Trendspotter: Hold Onto Your Hat in 2011, It’s Going to Be a Wild Ride

December 29, 2010

The old order is fading and a new order is starting to take its place. That new environment will reshape medical practice in ways that can be only glimpsed at present. But here are a few predictions for 2011.

It’s been a very interesting year for doctors, to say the least. Highlights included the passage of the Patient Protection and Affordable Care Act; CMS’ adoption of the final rule on showing meaningful use to get government EHR incentives; and a last-minute, one-year reprieve on the scheduled 25 percent cut in Medicare payments. So what does it all mean?

What it means, in short, is that the old order is fading and a new order is starting to take its place. That new environment will reshape medical practice in ways that can be only glimpsed at present. But here are a few predictions for 2011:

More physicians will go to work for hospitals. AHA statistics indicate that hospitals already employ nearly 200,000 physicians - or roughly 30 percent of the workforce. That percentage will increase as hospitals try to align more closely with doctors, both to fend off competition and to prepare for new reimbursement methods that will emphasize care coordination.

Some physicians will form their own organizations. By that, I don’t mean a groundswell in large multispecialty groups. Instead, some private-practice physicians will try to retain their independence by forming IPAs or reviving physician-hospital organizations. If these doctors can integrate clinically with their colleagues, they’ll be able to bargain with payers for higher rates. They’ll also be well-positioned to form or join accountable care organizations (ACOs).

Payers will emphasize patient-centered medical homes. Some health plans and employers view this trend as a promising way to improve quality and control costs, and they’re providing financial incentives to medical homes. As a result, more and more groups are seeking and obtaining NCQA medical-home certification. It’s difficult for small practices to become medical homes, but some have, and more would if they were paid for care coordination.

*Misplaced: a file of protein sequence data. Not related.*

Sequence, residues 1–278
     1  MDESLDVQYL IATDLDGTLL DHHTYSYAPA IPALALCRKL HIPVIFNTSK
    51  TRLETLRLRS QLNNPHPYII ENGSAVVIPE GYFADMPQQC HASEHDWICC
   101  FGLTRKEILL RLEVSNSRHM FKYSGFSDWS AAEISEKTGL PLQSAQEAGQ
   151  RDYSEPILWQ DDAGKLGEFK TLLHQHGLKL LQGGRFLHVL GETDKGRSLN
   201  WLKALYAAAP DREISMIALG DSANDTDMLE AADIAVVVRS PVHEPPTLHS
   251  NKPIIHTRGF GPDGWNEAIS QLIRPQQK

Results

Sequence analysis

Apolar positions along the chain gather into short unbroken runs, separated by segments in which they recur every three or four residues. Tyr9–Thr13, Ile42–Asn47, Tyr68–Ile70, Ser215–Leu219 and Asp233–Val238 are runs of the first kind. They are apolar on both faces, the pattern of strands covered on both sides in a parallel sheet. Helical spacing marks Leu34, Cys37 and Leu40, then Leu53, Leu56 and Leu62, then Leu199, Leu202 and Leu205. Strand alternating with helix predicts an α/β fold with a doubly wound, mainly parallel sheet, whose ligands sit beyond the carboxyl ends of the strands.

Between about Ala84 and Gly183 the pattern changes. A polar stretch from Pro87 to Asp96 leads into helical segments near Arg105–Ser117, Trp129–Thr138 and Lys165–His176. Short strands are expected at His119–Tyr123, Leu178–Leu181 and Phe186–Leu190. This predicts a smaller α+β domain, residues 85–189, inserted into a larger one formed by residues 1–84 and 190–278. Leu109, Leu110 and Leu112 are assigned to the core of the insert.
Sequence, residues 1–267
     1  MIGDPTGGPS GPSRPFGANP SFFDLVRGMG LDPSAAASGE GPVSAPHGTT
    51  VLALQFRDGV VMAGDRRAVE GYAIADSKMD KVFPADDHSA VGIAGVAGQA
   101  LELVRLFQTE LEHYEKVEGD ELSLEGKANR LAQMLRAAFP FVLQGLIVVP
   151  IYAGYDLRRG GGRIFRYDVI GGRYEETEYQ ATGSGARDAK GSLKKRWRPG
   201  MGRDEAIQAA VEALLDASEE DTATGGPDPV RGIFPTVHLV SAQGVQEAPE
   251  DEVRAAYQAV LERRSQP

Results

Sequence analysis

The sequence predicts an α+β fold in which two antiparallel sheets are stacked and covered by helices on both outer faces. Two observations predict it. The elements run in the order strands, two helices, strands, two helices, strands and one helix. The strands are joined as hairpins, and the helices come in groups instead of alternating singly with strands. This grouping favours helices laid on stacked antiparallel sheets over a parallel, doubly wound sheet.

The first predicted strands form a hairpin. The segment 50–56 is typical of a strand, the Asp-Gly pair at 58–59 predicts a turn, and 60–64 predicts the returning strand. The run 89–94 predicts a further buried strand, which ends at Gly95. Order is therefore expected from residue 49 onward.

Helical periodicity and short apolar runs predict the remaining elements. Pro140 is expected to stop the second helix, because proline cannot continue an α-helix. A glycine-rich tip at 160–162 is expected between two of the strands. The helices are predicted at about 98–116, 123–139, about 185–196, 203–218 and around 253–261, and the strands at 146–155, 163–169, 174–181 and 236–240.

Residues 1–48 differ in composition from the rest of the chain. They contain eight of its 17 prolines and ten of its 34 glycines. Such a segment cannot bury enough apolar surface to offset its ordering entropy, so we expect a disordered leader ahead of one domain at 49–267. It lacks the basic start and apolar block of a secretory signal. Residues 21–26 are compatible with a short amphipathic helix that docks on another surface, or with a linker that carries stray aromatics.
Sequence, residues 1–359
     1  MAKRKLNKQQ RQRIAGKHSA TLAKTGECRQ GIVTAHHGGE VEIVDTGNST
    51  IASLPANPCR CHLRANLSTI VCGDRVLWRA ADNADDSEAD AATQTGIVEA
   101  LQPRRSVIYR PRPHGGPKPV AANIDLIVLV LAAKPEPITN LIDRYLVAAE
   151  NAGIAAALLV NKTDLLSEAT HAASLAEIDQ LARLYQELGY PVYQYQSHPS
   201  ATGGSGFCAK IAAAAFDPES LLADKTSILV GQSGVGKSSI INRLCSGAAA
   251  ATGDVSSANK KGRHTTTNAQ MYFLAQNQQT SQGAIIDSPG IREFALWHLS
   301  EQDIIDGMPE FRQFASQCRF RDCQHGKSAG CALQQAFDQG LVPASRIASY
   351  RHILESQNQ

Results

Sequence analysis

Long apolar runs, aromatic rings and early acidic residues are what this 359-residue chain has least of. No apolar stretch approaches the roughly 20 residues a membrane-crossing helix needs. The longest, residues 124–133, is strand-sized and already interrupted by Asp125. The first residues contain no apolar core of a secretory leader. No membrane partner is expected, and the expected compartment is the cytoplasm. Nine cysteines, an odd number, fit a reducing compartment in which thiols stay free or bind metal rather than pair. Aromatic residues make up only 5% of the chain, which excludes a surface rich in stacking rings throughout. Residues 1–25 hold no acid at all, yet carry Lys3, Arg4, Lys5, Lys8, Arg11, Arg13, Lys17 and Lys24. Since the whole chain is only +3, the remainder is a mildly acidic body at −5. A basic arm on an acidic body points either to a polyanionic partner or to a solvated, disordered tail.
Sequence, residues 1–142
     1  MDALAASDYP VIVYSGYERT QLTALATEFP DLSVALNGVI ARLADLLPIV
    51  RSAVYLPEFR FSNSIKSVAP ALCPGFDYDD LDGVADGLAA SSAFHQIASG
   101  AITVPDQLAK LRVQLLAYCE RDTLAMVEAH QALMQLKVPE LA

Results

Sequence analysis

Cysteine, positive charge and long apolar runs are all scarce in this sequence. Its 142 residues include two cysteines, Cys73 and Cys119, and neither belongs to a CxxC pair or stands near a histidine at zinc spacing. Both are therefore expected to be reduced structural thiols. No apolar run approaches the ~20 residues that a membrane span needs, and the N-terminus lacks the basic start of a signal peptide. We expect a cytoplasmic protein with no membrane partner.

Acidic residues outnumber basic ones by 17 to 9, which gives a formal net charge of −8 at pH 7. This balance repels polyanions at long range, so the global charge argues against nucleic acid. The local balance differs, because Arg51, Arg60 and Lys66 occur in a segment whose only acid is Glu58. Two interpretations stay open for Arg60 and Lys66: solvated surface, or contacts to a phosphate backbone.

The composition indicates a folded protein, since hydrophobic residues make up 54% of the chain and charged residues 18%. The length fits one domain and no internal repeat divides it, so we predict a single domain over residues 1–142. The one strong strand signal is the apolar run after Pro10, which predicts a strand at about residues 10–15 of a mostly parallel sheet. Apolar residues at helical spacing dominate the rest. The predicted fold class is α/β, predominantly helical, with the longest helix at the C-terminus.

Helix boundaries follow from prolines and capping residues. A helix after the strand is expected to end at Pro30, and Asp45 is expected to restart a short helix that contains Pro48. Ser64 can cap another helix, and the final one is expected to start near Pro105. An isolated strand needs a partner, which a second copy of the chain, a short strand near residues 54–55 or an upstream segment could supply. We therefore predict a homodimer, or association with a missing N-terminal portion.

The EHR adoption rate will rise. Despite substantial government incentives that begin in 2011, the bulk of physicians aren’t yet rushing to buy EHRs. But a confluence of factors may change that over the next few years: The Health IT Regional Extension Centers will start to help more small practices choose and implement EHRs. Federally funded state health information exchanges will help build the infrastructure needed to exchange key patient data. The spread of medical homes and the emergence of ACOs will create an urgent need for electronic data. And patients will demand that their physicians go online with them as their use of the new mobile technologies explodes.

In-office use of advanced imaging devices will decline. The Deficit Reduction Act of 2005 and the Affordable Care Act both took a whack at physician self-referral to in-house imaging facilities. The reduction in Medicare fees for the technical component and some other restrictions have already had an impact on advanced imaging, which is an important revenue source for one in six physicians. Chances are good that the government and private payers will restrict self-referral revenue even further, not only because many tests are unnecessary but because this is low-hanging fruit for cost-cutters.

Medicare will start to phase in payment bundling. The ACA authorizes a demonstration of payment bundling. Unlike past Medicare pilots, this one can be converted into an across-the-board policy if it shows promising results. So in the not-too-distant future, Medicare may start to offer bundled payments for episodes of care that include certain procedures and 30 days of post-acute services. This will probably be voluntary at first, and mandatory later. Doctors aren’t thrilled about bundling, but it’s going to happen anyway if it saves money. Moreover, private payers will undoubtedly follow Medicare’s lead. So be forewarned: it’s time to get together with your local hospitals to plan strategies.

There will be intense pressure to cut readmissions. Medicare will reduce hospital payments if they have excessive readmission rates, starting in 2012. So your hospital may reach out to you and your colleagues to do intensive disease management so that fewer patients are readmitted. There’s not much money in this for you - unless the original hospital care is covered by a bundled payment--but it could lead to better patient care.

So there are my good, bad, and ugly predictions for the upcoming year. You may or may not take these trends seriously and incorporate them in your business plans. But it seems clear that physicians who embrace change will be better prepared to roll with the punches as healthcare reform gathers momentum.